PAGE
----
Following this clue, Owen ordered a thorough search of the hill. While that was happening, he returned to Cumar. This time he met Alan Rhys. When Owen knocked on his door, Alan opened it. He was an old man, gray-haired and with a patchy beard. He had on a sweater and knit hat. He looked Owen Clarke over with piercing blue eyes.

Rhys had been among those townspeople to see the bonfire that night. He described his shock that someone had lit such a huge fire—which was illegal—on such a rainy night. Owen asked to come inside, to which Rhys readily agreed. Alan Rhys’s house was small and dirty. The old man clearly didn’t care to clean the place. Owen found more Celtic symbols, such as replica torcs hanging over doorways and animal statuettes on shelves. They were the only clean things in the house. Owen didn’t care to look in the cellar: he feared it’d be filthier than the house.

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Police photograph of Alan Rhys’s house.

Rhys offered Owen tea. Out of a sense of professionalism, Owen declined, even though tea was exactly what he wanted on that cold night. Sitting down, Owen asked Rhys about his religion. Rhys replied he didn’t have one, but had a certain amount of respect for the beliefs of his ancestors.

Rhys dove into a long-winded story about how his family had lived on the island since before the Romans came to Britain. Owen cut him short to ask more about the fire. Owen wanted to know if Rhys saw anything else—movement on the summit or unusual sounds. Rhys said no, he hadn’t.

Aside from being a police detective, Owen was an avid gambler and was very good at spotting tells. Owen later said that as he was talking to Rhys, the man’s nose twitched and his eyes took on a watery character. When speaking of the bonfire, Rhys’s voice changed very slightly, becoming thinner than it had been moments before.

Owen pressed Rhys for more information but the old man held firm and said no more. Owen left sure Rhys was hiding something. But he needed proof. The search of the hill revealed nothing, much to Owen’s mounting frustration.

Over the following weeks, Owen became obsessed with Rhys. Owen spent his free evenings and weekends in Cumar, spying on Rhys from a distance and monitoring his movements. However, his superiors discovered his secret hobby and had him transferred off the island.

On May 1—May Day—another fire was spotted that night atop Y Gwrach. This time, a woman from Cumar, Catherine Llewelyn, had been outside when she saw the fire. She thought she saw shadows moving in front of the flames. And she claimed to have heard drums.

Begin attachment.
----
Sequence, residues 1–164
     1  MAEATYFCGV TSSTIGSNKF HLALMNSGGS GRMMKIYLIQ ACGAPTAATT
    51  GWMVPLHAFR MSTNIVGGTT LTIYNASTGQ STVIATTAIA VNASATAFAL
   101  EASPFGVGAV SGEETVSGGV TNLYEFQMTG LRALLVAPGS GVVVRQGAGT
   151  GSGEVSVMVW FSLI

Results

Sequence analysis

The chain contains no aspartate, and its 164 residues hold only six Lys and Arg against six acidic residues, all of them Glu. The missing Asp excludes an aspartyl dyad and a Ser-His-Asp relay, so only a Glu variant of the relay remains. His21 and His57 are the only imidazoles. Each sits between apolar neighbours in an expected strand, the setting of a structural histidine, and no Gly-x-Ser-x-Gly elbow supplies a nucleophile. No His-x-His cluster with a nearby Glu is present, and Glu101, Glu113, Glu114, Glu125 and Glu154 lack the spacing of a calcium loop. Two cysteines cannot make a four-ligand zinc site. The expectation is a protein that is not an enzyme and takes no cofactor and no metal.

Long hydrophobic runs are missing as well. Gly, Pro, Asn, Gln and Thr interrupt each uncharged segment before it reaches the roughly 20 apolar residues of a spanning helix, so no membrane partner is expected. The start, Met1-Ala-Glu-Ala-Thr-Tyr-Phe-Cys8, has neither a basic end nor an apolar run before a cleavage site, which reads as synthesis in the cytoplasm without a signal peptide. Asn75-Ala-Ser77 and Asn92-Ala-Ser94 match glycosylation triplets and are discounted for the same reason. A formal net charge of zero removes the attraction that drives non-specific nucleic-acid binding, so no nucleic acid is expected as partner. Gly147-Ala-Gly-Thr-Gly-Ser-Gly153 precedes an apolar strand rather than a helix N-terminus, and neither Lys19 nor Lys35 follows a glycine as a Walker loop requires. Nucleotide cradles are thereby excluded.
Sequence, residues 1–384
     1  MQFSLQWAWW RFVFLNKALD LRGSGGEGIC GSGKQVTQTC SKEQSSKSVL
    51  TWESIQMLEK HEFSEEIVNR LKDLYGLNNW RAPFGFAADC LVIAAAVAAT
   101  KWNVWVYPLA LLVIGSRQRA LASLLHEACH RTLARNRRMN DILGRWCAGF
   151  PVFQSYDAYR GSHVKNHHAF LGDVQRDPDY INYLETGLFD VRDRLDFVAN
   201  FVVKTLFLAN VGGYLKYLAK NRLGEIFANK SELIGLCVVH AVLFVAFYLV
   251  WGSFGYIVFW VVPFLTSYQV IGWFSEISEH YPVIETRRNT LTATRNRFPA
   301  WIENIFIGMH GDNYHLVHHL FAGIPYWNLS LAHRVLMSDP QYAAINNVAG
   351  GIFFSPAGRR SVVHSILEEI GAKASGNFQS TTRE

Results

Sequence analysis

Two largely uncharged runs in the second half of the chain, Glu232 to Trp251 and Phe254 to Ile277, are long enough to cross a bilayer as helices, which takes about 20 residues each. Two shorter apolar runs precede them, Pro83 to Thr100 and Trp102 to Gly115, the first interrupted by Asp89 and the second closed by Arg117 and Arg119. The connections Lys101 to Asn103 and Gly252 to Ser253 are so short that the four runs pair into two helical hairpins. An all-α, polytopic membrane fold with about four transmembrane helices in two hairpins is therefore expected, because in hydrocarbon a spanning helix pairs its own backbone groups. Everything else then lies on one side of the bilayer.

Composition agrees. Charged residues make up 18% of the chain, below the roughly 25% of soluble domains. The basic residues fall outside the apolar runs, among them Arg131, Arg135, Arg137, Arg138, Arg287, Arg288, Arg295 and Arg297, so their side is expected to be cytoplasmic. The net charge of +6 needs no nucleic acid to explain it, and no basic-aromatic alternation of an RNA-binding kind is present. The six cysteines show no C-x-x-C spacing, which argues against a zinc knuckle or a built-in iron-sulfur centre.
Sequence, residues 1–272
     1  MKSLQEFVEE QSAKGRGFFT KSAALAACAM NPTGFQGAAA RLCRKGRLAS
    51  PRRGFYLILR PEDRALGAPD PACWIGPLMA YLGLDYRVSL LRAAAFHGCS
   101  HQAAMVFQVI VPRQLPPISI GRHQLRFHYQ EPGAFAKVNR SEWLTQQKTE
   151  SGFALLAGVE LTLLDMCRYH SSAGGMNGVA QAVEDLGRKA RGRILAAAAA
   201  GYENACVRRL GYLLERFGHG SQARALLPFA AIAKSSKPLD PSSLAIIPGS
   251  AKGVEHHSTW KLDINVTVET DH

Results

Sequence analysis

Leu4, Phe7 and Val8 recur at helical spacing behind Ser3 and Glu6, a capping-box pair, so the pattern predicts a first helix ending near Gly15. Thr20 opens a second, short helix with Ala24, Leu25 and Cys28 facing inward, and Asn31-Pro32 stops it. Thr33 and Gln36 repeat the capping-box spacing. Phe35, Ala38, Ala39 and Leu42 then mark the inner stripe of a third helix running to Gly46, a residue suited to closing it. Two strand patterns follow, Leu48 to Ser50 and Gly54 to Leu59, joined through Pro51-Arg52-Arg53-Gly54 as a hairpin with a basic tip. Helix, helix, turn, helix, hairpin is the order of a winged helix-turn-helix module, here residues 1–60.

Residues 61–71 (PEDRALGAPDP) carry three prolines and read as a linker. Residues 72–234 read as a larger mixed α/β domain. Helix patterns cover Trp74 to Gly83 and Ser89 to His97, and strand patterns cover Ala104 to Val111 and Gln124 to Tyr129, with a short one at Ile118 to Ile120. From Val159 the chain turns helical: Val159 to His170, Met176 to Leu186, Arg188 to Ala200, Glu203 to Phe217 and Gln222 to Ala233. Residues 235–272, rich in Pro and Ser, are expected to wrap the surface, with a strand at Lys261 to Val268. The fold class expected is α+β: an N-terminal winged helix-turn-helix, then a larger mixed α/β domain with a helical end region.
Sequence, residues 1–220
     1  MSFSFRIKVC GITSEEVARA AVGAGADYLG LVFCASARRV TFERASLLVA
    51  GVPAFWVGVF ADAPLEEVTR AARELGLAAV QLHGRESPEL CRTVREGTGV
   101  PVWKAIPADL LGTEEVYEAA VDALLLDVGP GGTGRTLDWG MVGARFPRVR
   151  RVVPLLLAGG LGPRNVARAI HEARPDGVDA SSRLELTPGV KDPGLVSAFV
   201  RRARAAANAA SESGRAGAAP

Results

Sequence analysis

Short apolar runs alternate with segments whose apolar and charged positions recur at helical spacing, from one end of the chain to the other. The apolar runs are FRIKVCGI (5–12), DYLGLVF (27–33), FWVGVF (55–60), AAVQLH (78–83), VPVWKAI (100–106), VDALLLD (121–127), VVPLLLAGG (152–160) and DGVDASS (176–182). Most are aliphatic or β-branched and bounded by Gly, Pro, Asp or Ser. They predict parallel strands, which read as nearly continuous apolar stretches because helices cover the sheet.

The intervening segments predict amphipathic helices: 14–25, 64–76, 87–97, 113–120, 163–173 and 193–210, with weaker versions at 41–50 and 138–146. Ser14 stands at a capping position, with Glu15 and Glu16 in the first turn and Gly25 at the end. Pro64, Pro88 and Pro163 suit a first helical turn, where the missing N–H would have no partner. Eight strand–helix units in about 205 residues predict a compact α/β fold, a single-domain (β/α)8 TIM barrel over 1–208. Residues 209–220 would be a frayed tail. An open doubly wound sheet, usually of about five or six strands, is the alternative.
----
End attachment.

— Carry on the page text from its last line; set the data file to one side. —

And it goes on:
Police detectives found another smoldering pile of ash and branches of hawthorn and blackthorn. However, most disturbing was the blackened human arm—the size of a child’s—lying among thick grass near the ashes. The investigation became a murder case.

Park rangers were enlisted to nightly monitor the summit, which was closed off to visitors for the rest of the investigation.

Owen Clarke was called back to Anglesey in June. When he reviewed the evidence of the fires, he saw na obvious connection. Both fires took place on pagan holidays. Both times symbolic objects were left behind—candles on Candlemas and the branches on May Day. Owen guessed the next fire would be on August 1, or Lammas.

Owen and a small force of police climbed to the top of Y Gwrach on August 1. There, they waited in a hideout for nightfall. However, late in the afternoon, a severe thunderstorm came out of nowhere. The winds whipped water their faces. At last, the team scrambled back down the hill, sure no one would be able to light a fire in this weather.

But when Owen looked back behind him, sure enough a fire blazed. By the time he burst onto the summit, soaking wet and panting, there was no one there. A pile of ashes steamed in the rain surrounded by soggy loaves of bread.

Owen sat in his car, draining a bottle of whiskey as his mind churned over the evidence. He couldn’t let go of Rhys as the primary suspect, even though the man had been questioned multiple times now by different officers. Owen made up his mind: he wouldn’t rest until he had clear proof of Alan’s guilt.

When he entered Cumar, his car was stopped by a lady under an umbrella. It was Catherine Llewelyn. After asking why Owen was there, she divulged her own dislike for Rhys. Catherine was proud of her garden. Rhys, however, had a much better one but had refused to share his secret with Catherine.

After discovering Owen suspected Rhys, she agreed to help in any way she could. It was agreed that Catherine would keep an eye on Rhys and report his movements to Owen. Owen himself returned to Cumar whenever he had any free time.

Weeks passed. September 22 was fast approaching. In old Welsh tradition, September 22 is known as Alban Elfed and is a celebration of the autumn equinox. Owen knew the next fire—and next murder—would happen then.

When the equinox was only days away, Owen caught his lucky break. Catherine Llewelyn called to tell him Rhys had just left on one of his long trips to the mainland. Owen jumped in his car and sped to Cumar. He arrived after sunset.

Throwing all rules out the window, Owen broke into Alan’s home. He tore the place apart, looking for anything incriminating. When he came to Alan’s bedroom, something caught his eye. In a drawer sat a Kodak camera. What was unusual about it was how clean it was compared to everything else in the house. When Owen opened the camera, there wasn’t any film.